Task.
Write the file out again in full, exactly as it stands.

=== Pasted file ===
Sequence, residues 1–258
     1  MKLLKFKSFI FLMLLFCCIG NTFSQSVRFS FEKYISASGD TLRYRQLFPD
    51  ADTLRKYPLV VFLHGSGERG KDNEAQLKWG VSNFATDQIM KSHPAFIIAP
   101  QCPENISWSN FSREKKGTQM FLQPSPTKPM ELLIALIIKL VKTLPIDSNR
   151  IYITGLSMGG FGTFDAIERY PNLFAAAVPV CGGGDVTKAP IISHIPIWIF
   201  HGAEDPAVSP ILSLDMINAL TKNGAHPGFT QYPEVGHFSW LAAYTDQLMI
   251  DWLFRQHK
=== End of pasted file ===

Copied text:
Sequence, residues 1–258
     1  MKLLKFKSFI FLMLLFCCIG NTFSQSVRFS FEKYISASGD TLRYRQLFPD
    51  ADTLRKYPLV VFLHGSGERG KDNEAQLKWG VSNFATDQIM KSHPAFIIAP
   101  QCPENISWSN FSREKKGTQM FLQPSPTKPM ELLIALIIKL VKTLPIDSNR
   151  IYITGLSMGG FGTFDAIERY PNLFAAAVPV CGGGDVTKAP IISHIPIWIF
   201  HGAEDPAVSP ILSLDMINAL TKNGAHPGFT QYPEVGHFSW LAAYTDQLMI
   251  DWLFRQHK